Looks like the link to the Frum article was 404ed and most of the others are expunged also except for FR and a couple of others. The original source was an ABC 20/20 Nov. 15, 2002 B. Waters interview. This part was deleted from the air but Frum had it in (National Review?) now also disappeared. google in quotes, "the flames of the racial issue and have real unrest"

History being "adjusted"? American Stalinism at work? Stalin was a kind of spoiled brat who managed to kill 60 million fellow citizens, I believe.

15 posted on 04/24/2014 11:45:15 AM PDT by WilliamofCarmichael (If modern America's Man on Horseback is out there, Get on the damn horse already!)
[ Post Reply | Private Reply | To 1 | View Replies]

To: grundle
“This can only serve to hurt the blue states. It could end up costing them an election.”

My prediction is this: If it appears that it will cost them an election, they will renege on the compact.

In 2000, I believe that G.W. Bush would have won handily if they had followed this rule. I think Nixon would have won over Kennedy, Obama might even have lost in 2012.

I bet there is some fine print, such as, “The compact only goes into effect once all states sign on” or some such.

16 posted on 04/24/2014 11:47:04 AM PDT by marktwain (The old media must die for the Republic to live. Long live the new media!)
[ Post Reply | Private Reply | To 3 | View Replies]

To: BenLurkin

That change would, unlike the national popular vote laws, actually require an amendment. The Constitution quite clearly states that each state will have a number of electors equal to the number of Representatives and Senators representing that state in Congress. (Plus, via amendment that DC will have three electors).


17 posted on 04/24/2014 11:47:08 AM PDT by stremba
[ Post Reply | Private Reply | To 11 | View Replies]

To: marktwain

I should read before commenting. The rule is clearly there, as they award the votes to the person getting the popular vote *nationally*, not by state.


18 posted on 04/24/2014 11:50:07 AM PDT by marktwain (The old media must die for the Republic to live. Long live the new media!)
[ Post Reply | Private Reply | To 16 | View Replies]

To: marktwain

Bush lost the popular vote in 2000 and Obama won the popular vote in 2012. How would a law requiring states whose EV’s totaled at least 270 to vote for the popular vote winner throw an election to the loser of that popular vote?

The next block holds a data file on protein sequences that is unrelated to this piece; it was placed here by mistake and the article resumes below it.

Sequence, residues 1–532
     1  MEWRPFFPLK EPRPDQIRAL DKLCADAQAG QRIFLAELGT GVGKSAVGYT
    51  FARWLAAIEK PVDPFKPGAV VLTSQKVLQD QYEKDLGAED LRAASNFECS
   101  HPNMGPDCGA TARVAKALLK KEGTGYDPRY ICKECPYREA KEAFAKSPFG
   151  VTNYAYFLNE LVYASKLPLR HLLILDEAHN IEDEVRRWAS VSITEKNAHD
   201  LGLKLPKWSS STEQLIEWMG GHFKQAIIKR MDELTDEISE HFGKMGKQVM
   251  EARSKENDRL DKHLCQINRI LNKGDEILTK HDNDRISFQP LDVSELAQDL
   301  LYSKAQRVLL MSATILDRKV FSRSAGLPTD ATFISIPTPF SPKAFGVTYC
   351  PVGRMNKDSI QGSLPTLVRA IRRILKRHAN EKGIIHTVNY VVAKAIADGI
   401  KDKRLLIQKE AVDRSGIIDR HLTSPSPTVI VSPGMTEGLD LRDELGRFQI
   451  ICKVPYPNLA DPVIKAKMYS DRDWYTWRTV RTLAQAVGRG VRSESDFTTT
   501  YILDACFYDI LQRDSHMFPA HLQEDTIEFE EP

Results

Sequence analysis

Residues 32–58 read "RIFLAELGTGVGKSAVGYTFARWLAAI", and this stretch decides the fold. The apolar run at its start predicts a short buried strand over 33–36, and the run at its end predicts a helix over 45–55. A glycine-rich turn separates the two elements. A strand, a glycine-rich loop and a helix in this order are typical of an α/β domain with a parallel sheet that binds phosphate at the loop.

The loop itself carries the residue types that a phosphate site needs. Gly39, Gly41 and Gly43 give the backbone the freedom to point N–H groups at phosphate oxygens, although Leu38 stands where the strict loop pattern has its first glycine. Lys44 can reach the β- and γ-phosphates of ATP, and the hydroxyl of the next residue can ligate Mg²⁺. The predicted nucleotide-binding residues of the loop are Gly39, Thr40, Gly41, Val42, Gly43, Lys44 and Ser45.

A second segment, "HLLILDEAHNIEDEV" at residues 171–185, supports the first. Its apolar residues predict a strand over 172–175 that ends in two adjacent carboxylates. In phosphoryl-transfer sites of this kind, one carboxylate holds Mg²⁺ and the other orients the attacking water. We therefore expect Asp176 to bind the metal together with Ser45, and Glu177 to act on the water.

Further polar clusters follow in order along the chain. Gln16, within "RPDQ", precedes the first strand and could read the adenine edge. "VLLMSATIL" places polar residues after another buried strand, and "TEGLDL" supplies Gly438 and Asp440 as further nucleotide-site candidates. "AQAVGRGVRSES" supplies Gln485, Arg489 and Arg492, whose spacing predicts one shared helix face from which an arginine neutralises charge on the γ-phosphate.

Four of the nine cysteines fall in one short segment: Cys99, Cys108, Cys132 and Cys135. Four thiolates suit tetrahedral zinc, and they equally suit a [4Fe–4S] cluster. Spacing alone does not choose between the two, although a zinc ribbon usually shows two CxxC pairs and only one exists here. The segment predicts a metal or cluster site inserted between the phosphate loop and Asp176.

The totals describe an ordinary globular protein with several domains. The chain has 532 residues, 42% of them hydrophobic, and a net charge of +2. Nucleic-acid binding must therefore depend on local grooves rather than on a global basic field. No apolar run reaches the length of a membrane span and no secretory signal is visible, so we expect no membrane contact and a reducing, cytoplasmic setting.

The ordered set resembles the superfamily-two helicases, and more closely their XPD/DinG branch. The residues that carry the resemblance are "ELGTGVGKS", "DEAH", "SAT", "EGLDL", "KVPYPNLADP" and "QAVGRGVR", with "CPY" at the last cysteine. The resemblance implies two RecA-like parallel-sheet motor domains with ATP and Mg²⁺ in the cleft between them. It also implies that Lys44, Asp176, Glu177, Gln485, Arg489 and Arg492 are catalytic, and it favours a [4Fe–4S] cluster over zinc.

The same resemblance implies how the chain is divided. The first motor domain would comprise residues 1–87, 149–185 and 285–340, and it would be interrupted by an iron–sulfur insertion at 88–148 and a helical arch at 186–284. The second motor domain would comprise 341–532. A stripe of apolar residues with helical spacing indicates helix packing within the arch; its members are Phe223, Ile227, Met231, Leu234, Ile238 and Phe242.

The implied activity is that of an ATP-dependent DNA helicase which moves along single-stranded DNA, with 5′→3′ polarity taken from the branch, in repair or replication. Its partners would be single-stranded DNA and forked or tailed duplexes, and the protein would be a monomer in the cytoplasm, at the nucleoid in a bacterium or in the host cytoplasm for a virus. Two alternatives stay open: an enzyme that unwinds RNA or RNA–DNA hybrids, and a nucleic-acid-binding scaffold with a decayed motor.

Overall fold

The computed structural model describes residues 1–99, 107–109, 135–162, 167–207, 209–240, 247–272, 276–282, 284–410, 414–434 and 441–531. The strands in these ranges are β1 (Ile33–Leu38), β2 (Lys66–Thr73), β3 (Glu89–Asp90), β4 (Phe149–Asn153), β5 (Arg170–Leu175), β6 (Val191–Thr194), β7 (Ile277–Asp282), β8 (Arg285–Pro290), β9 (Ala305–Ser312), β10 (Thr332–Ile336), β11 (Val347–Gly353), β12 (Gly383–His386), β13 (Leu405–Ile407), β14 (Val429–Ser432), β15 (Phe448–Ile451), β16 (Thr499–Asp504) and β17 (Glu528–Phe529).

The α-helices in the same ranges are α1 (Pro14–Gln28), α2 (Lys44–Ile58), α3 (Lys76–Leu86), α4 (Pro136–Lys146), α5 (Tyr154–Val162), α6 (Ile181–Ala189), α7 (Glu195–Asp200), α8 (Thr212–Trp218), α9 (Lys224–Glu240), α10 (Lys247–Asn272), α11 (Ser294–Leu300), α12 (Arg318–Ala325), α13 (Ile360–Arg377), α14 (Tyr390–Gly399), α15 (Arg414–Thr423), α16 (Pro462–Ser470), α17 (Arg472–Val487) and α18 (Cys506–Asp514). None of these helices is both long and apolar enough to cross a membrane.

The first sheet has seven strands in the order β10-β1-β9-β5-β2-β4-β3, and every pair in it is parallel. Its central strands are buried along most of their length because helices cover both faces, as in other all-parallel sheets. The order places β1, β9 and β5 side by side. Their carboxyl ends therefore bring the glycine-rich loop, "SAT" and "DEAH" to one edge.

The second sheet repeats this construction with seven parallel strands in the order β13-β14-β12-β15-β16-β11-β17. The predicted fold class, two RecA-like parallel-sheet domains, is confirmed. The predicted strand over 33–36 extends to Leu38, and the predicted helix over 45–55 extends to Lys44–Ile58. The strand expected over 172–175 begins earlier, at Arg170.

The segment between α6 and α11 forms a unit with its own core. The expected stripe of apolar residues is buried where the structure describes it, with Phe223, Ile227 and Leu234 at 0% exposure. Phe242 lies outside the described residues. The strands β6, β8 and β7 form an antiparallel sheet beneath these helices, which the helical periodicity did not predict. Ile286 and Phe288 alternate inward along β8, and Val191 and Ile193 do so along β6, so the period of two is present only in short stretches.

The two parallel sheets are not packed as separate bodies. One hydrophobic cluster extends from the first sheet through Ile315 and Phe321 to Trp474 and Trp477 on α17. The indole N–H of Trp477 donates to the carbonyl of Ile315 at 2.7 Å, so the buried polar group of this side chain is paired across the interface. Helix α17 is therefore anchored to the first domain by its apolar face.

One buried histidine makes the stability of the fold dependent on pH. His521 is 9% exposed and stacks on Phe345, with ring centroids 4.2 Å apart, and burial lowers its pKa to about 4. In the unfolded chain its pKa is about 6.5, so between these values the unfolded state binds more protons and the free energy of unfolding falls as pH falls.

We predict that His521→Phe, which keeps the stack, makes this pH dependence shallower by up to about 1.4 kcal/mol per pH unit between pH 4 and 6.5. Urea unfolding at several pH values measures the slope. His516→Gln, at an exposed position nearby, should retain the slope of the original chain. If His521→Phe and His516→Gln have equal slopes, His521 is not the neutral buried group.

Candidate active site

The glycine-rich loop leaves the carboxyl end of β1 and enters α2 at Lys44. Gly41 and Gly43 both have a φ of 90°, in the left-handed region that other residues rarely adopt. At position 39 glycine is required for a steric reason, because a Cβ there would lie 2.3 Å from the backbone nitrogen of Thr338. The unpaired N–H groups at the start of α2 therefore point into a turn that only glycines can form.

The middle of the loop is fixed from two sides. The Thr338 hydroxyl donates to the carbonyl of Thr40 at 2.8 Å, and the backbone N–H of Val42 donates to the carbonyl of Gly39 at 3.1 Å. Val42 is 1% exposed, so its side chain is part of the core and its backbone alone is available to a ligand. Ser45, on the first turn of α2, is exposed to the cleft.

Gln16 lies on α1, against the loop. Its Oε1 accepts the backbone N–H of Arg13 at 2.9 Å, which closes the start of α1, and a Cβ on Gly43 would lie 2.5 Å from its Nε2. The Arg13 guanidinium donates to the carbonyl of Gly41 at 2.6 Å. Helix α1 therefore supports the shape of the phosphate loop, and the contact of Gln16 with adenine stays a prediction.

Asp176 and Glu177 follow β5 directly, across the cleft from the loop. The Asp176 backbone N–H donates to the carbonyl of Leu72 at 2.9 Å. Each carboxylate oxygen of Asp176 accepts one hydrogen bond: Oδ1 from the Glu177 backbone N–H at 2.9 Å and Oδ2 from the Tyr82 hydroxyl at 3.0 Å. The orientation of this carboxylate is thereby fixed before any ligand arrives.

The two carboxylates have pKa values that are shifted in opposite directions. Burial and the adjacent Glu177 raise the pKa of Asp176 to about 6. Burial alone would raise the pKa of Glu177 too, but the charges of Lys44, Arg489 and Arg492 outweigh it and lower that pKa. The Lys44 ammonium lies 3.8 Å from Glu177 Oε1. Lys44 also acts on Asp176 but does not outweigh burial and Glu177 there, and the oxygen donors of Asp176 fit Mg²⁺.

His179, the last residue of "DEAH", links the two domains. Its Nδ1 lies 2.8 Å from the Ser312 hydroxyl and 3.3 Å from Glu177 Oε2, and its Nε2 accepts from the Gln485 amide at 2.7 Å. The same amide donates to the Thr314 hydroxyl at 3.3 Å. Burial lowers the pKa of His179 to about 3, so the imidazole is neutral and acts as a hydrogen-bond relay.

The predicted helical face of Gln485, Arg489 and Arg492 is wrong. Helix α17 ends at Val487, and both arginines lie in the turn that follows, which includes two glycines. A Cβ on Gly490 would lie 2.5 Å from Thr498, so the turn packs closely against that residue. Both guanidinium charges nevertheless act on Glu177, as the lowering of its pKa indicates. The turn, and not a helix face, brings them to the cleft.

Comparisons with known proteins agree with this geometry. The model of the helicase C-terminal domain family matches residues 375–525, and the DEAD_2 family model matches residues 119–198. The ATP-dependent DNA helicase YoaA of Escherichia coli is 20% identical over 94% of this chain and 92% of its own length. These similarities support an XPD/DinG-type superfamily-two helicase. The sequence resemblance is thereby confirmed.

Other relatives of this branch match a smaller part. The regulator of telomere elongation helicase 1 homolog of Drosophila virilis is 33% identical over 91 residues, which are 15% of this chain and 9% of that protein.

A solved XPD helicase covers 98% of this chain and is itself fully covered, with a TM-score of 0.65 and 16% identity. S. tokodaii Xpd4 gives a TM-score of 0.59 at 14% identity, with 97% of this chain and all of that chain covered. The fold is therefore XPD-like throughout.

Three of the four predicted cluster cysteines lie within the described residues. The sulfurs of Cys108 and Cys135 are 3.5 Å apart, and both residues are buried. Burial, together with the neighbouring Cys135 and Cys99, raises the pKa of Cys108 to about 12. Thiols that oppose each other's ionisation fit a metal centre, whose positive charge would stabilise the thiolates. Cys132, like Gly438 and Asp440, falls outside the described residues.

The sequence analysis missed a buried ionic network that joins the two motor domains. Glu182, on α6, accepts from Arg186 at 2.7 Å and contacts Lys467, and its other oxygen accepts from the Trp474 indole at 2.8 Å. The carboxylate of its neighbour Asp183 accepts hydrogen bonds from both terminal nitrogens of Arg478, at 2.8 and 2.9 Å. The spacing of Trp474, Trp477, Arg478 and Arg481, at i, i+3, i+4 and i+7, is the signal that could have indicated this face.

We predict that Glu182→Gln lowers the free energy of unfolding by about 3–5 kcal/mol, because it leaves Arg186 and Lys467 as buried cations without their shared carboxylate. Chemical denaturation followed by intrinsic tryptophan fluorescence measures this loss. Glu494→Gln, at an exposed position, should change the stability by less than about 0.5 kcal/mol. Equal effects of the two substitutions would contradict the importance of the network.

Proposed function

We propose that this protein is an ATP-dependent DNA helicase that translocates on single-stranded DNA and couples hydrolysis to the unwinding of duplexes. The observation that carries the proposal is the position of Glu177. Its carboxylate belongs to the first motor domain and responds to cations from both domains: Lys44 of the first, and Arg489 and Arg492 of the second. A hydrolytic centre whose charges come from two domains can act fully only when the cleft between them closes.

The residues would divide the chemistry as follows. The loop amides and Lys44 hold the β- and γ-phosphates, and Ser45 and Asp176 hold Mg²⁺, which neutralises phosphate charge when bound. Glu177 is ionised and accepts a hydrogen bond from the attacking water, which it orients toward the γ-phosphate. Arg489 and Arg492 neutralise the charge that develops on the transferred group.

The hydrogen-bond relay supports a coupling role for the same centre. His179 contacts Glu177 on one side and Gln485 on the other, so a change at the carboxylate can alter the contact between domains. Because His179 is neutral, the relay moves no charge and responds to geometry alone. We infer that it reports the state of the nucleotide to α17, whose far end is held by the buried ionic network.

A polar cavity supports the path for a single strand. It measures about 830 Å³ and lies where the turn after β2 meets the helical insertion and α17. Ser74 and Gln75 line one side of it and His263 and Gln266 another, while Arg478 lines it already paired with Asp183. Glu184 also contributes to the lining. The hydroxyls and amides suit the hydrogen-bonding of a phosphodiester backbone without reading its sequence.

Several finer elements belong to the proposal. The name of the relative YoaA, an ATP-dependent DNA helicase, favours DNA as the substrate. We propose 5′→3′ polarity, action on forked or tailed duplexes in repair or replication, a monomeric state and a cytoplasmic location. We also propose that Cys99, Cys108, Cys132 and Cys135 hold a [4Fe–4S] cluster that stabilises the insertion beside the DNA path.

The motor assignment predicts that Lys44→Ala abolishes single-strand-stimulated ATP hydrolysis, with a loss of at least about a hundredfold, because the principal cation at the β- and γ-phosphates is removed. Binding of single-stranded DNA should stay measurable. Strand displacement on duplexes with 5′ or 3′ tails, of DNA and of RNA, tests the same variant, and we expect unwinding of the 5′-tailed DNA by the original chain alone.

19 posted on 04/24/2014 11:50:31 AM PDT by stremba
[ Post Reply | Private Reply | To 16 | View Replies]

To: stremba
Therefore, the only way to make the national popular vote laws constitutional would be to characterize them as being implemented solely on a state-by-state basis, voluntarily by individual states.

Yes, I've written about this issue before.

However, the way to make it Constitutional is simply to get Congress to approve it.

That said, states today can implement this on their own without needing a compact. They just have to, on their own without other states, start awarding their Electoral College votes to the winner of the national popular vote right now. They don't have to wait for all the other compacting states to join before doing so, if they are true believers in this as the method of awarding their votes.

Lead by example on this issue. Don't wait for a critical mass to form first.

-PJ

20 posted on 04/24/2014 11:51:16 AM PDT by Political Junkie Too (If you are the Posterity of We the People, then you are a Natural Born Citizen.)
[ Post Reply | Private Reply | To 14 | View Replies]

To: stremba

Good point.

DC shouldn’t have any vote.


21 posted on 04/24/2014 11:54:02 AM PDT by BenLurkin (This is not a statement of fact. It is either opinion or satire; or both.)
[ Post Reply | Private Reply | To 17 | View Replies]

To: Oldeconomybuyer

The state legislatures will direct the electors as to how they cast their votes.

I guess rogue votes could still be cast.

I find this whole movement puzzling.

How could a state legislature think it would be a wise thing
to direct the electors to vote against the will of the voters?


22 posted on 04/24/2014 12:12:56 PM PDT by Repeal The 17th (We have met the enemy and he is us.)
[ Post Reply | Private Reply | To 1 | View Replies]

To: Oldeconomybuyer

Democrats will be for it until the GOP wins the next election and New York finds itself voting Republican.

Actually, they will be for it until the first time they perceive it costing them an election.

Aside from that, I can’t imagine why any state would voluntarily dis-empower itself. Strange.


23 posted on 04/24/2014 12:18:17 PM PDT by marron
[ Post Reply | Private Reply | To 1 | View Replies]

To: Junk Silver

“Unfortunately that isn’t necessarily the case, especially in the long term. As soon as the electoral vote total of the states agreeing to this reaches 270 the intent of the constitution will have been subverted and America’s chief executive will be elected by popular vote. It’s worth noting that this is happening concurrently with the push for amnesty, which could add millions of immigrant (ie. Democrat) voters to the roles of blue states.”

If they have 270 electoral votes, from immigrants or otherwise, then it still doesn’t matter that they are allocating delegates according to the popular vote, or the traditional method. They’ve already got national elections sewn up at that point, with or without this law.